The February 21st Seattle Times article about Seattle metro area congestion ranking 20th in the world and between 4th and 10th in the United States is no surprise to the area’s commuters. What will be a “surprise” is the fact their recent ST3 approval giving Sound Transit the authority to spend $54 billion over the next 25 years will do little to reduce congestion along I-5 or I-90. And that the WSDOT attempts to use HOT lanes to “manage congestion” on I-405 will only increase congestion for those using GP lanes. .
The vast majority of ST3 funds will be used to create a light rail “spine” between Everett and Tacoma along I-5 and between Redmond and Seattle along I-90. Unfortunately Sound Transit chose to route the spine through the Downtown Seattle Transit Tunnel (DSTT). The Puget Sound Regional Council (PSRC) concluded in 2004 the DSTT limited light rail capacity to 8880 riders per hour in each direction. The did so on the assumption that the DSTT station lengths limited light rail trains to 4 cars, that safe operation required 4 minutes between trains, and that each 74 seat car could accommodate an average of 148 riders.
One can haggle over train frequency and car capacity but whatever the result, light rail through the DSTT will never have capacity needed. The fact the Tacoma and Redmond spines have to share this limited capacity exacerbates the problem. ST3 funding will increase I-90 bridge congestion due to light rail confiscation of center roadway and the WSDOT failure to demonstrate FHWA was wrong to claim center roadway lanes were still needed with R-8A lane added to outer roadways.
Worse, Sound Transit doesn’t commit to adding the P&R stalls and connecting bus routes to use its limited capacity, apparently assuming large numbers of commuters will chose to live within walking distance of light rail stations. Without the added P&R stalls and connecting bus routes the light-rail-spine trains will likely be used to replace transit buses having minimal effect on I-5 and I-90 congestion. Even with the added parking the light rail spine will fail any rational cost/benefit analysis due to cost of light rail construction and light rail car operating costs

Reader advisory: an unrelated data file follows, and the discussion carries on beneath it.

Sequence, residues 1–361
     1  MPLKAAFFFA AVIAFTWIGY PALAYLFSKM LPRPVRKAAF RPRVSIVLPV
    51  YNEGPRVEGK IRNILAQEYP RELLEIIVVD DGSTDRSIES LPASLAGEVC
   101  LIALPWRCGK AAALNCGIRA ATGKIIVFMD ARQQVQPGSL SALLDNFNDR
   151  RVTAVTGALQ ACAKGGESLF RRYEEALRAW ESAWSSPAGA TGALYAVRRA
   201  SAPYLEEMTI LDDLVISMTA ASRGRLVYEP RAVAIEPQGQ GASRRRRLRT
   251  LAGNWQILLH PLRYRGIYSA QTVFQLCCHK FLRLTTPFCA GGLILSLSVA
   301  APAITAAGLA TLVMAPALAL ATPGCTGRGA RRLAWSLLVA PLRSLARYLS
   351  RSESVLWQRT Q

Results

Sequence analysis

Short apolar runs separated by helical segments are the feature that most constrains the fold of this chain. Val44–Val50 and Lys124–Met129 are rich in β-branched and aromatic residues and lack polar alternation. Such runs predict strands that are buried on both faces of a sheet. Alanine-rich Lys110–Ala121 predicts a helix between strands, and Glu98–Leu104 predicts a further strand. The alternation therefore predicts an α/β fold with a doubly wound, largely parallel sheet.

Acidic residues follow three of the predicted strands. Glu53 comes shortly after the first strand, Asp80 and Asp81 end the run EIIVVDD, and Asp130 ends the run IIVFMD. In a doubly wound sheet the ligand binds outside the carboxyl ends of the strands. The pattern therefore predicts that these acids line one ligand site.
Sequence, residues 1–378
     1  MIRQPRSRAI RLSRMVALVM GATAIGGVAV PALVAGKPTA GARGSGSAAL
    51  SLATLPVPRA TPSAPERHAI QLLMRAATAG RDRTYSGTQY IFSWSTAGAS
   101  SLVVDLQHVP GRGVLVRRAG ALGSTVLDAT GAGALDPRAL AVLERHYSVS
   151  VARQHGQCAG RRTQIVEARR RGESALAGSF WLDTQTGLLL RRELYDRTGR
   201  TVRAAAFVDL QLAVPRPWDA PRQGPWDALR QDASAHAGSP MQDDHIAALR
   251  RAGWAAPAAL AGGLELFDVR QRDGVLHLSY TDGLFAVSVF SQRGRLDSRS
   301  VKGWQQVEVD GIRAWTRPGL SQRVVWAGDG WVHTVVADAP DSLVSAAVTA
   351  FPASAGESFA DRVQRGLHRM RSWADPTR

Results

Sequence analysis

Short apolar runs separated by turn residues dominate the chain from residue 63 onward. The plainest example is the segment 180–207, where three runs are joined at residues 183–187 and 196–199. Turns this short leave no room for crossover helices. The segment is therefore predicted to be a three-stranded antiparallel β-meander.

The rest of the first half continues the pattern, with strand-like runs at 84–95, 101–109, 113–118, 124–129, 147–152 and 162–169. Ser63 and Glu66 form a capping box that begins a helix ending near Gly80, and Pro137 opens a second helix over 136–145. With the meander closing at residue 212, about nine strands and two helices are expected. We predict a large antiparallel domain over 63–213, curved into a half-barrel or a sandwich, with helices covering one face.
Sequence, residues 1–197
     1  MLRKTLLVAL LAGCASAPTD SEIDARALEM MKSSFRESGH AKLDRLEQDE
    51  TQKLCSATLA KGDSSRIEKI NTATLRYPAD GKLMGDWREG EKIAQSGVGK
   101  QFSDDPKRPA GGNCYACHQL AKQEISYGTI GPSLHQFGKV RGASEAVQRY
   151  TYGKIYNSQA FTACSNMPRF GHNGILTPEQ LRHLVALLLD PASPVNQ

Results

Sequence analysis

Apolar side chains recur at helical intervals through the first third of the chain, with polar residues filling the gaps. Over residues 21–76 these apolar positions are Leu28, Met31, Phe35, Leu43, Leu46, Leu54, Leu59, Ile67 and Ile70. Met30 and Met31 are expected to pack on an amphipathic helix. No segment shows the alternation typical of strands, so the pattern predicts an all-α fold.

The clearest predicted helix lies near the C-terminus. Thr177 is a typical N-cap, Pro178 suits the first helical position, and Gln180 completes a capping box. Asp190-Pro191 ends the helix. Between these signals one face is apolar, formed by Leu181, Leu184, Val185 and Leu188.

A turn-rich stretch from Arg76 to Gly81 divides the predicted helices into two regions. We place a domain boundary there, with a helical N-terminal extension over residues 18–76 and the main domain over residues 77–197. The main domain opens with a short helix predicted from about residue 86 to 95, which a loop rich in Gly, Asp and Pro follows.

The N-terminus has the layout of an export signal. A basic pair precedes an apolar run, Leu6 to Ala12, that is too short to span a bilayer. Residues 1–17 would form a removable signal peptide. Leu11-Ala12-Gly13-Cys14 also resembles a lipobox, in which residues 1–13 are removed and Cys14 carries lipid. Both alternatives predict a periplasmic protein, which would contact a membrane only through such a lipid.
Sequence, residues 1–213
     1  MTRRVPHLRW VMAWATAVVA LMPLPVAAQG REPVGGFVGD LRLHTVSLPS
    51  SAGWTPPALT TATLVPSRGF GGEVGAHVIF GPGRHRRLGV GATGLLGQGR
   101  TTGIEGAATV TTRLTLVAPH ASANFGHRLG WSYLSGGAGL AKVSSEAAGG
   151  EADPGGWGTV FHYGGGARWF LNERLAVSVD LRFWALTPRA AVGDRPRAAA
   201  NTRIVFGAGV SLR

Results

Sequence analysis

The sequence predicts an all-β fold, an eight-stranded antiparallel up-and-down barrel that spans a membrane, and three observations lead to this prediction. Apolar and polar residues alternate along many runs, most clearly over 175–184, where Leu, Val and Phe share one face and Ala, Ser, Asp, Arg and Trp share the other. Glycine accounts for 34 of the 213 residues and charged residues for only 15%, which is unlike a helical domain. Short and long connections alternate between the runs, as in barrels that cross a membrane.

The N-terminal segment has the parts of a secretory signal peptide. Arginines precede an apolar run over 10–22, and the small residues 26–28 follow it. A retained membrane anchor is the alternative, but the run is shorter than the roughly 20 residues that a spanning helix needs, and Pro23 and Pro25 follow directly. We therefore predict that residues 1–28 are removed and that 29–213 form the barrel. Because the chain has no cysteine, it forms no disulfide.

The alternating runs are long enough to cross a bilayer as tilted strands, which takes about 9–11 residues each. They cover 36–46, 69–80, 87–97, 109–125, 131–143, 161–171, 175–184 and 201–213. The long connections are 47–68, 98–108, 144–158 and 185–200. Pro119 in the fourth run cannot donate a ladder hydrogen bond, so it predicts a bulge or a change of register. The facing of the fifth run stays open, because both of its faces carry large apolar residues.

Seattle congestion could benefit from ST3 funding with light rail extensions to Ballard and West Seattle, the “likely” reason for the 70% Seattle voter approval critical to its passage. The relatively short route lengths will minimize construction and operating costs. The lower costs combined with the number of commuters within walking distance of light rail stations dramatically improve any cost/benefit assessment. Yet Sound Transit delays the two extensions that will benefit Seattle residents for 20 years.
Most commuters along I-405 face ever increasing congestion because the WSDOT has concluded the way to “manage congestion” is to make it more difficult for carpoolers to use HOV lanes and for those unwilling or unable to carpool pay a HOT fee to use HOV lanes. They chose to initiate HOT on the HOV lane between Lynnwood and Bothell despite the fact the PSRC had concluded the delays there were minimal.
Between Bothell and Bellevue they used a new lane for HOT rather than GP use without ever demonstrating the ability of the added lane to reduce GP congestion. Even worse the WSDOT plans to use added lanes between Lynnwood and Bothell, and Bellevue and Renton for HOT. WSDOT proposals to “manage congestion” by limiting two of four roadway lanes to +3HOV and those willing to pay tolls will only increase current congestion and future growth will surely exacerbate. They already have plans for HOT on the I-90 bridge as the way to “manage congestion” when the bridge center roadway is closed this summer.
The bottom line is the Seattle area’s ranking as a “world class city for congestion” is only going to “improve” if Sound Transit and WSDOT continue as planned.